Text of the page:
But because social media had yet to become a forum for players to vent, Visual Concepts and the developers decided to implement a true system that fed off player behavior and personalities: meetings with coaches. About once every couple weeks, a player -- who can have one of several different personality types -- will come to you with a concern that can range from general team performance to a lack of morale; in theory, like what was promised with NBA 2K14's MyGM, this sounds fantastic and really in-depth...but in reality, it goes just about as well as saying 'fireman' in front of a feminist.

See, there are four personality types that a player can have and they're simply known as personalities one, two, three, and a question mark. Personality one is usually an optimistic player, maybe one that's a bit cocky or overexcited; personality two is usually in the middle, maybe good on one day and bad on another; personality number three is usually frustrated or angry; and the question mark means that they're unpredictable, meaning one answer you give them could please them and another could piss them off entirely. 

Again, while this sounds like a great idea on paper, the problem is that it becomes too easy to tell the player exactly what he wants to hear so that you can prevent a severe loss in team chemistry.  While in MyGM, your answers at least could have provided both positives and negatives (i.e. promising the owner you'll trade a veteran with a big contract, but sending him off could potentially lower morale from the team and make others worried you'll trade them), the only thing that happens here is just a loss or raise in chemistry.

And that, right there, is what makes this mode so broken. You know, I can live with bad trades and I can live with bad menus, but when you introduce a feature that can utterly destroy an entire mode, there's a problem. See, if you simulate an entire season or a few weeks (which I did on my test runs) and you don't want to deal with the meetings or workouts, your chemistry will plummet and your team will be absolutely unable to win games. Whether you're the Chicago Bulls or Minnesota Timberwolves, skipping these meetings -- which, by the way, you can't turn off as a feature when you start your association even if you set team chemistry to off -- will almost certainly result in you losing 50+ games.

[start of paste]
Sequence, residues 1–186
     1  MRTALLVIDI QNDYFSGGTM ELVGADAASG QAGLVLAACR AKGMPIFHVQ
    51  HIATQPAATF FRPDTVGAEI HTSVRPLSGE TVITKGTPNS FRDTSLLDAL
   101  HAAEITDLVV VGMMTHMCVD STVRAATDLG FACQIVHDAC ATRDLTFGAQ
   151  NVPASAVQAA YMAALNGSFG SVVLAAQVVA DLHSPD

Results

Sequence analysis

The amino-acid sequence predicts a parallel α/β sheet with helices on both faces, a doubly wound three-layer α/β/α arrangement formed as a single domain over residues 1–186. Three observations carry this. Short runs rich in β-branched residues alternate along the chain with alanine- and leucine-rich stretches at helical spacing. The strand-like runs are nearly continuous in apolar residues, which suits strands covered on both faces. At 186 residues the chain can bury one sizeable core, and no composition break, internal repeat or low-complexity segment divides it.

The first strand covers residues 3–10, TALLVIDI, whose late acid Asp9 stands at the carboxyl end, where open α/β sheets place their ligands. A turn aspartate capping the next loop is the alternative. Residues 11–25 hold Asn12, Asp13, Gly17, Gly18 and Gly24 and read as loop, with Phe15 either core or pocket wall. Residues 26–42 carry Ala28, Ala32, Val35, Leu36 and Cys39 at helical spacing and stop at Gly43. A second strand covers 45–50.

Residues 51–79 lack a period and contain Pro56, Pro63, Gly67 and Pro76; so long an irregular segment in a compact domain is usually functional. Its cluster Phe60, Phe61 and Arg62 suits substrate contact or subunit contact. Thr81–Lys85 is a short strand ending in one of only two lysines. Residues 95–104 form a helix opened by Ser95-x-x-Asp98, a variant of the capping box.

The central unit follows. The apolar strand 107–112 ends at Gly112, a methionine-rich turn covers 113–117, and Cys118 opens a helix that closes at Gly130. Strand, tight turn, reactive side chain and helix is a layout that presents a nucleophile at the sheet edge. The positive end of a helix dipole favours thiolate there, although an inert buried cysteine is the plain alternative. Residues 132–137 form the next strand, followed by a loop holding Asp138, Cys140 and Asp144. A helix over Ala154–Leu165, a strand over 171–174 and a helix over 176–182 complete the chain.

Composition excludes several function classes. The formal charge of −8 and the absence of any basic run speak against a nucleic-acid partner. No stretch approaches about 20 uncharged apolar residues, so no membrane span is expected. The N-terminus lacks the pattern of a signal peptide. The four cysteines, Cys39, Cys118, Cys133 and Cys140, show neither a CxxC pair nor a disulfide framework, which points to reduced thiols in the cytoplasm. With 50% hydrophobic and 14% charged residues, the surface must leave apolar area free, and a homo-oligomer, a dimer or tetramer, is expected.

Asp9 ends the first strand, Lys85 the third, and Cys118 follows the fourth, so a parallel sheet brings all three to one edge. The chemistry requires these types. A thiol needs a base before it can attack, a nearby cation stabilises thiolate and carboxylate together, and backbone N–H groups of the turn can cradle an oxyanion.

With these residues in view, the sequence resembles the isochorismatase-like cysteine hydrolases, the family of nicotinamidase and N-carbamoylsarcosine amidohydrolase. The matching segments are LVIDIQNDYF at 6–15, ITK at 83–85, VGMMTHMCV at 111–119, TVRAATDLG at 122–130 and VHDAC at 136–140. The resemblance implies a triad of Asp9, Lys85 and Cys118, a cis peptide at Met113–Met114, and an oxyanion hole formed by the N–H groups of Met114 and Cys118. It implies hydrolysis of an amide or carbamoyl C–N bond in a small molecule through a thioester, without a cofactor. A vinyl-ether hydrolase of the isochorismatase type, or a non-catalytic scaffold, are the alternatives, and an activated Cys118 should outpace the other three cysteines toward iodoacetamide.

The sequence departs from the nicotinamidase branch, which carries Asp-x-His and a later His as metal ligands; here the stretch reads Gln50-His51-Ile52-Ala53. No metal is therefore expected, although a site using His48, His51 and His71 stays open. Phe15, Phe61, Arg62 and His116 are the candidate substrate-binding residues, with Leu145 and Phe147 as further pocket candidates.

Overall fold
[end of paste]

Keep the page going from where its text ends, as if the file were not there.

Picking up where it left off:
You read that right. Even if you turn team chemistry off, the game's program that still counts those meetings against you and will cause you to finish with a losing record regardless of who you have on your team, what your schedule is, etc. Why? Why not?

You know, you go back and look at some of the reviews where this game was praised and hailed as a fantastic model of NBA basketball, but how can a game truly replicate the league it's supposed to resemble when the virtual league itself is awful? There went the hope of me being able to keep playing an old game just because of how well the franchise was like I can with Madden NFL 2005...

Presentation:

If you've ever played any of the ESPN games, you know what to expect: realistic camera angles and shots of the crowd, a lead-in from some studio host (in this game, we get the late, great Stuart Scott who I'll talk more about in a bit), and mediocre commentary from, in this case, play-by-play announcer Bob Fitzgerald, color commentator Bill Walton, and sideline reporter Michele Tafoya. All I have to say about the commentary is that I would rather listen to MLB The Show's crew than the three we have in this game.

Now look, no sports game during this time had 'good' commentary and Fitzgerald isn't awful, but Walton is so limited and so lacking in his analysis that it makes you ask why he was even put into the game. What makes Bill Walton so loved and revered among basketball circles is his heavy usage of hyberbole and his interesting comparisons that seem to happen on the spot, but when you put him into a game where he's forced to read off a script, the magic that makes Bill Walton...well, Bill Walton, quickly gets lost. 

Whenever I play this game and I hear Walton's commentary, I immediately think back to what I said last summer about Spike Lee directing NBA 2K16's MyCareer mode and why I thought it was a bad idea:

"In the right role or the right job, Spike Lee can excel and make something really memorable because of the subject matter. If you came up to me and said, "Spike Lee is working on a new film that showcases the trials and tribulations of a basketball player on the big state where he would have to deal with money, fame, temptations, press, fans, women, family, and the ultimate goal of winning a title," then I'd be really excited to see what would happen. People forget that He Got Game was rated R, and deservedly so -- it was dark and gritty, full of colorful language that wasn't there for shock value, but to emphasize on who our characters were. With Frequency Vibrations in an E-rated game, what can we expect from Spike Lee here? Will this be a somewhat serious version of MyCareer with maybe a gold digging friend that the kiddies can relate to, or are we going to see something slightly darker than the normal storyline with possible allusions to real-life problems like drugs, jail, drinking, etc?"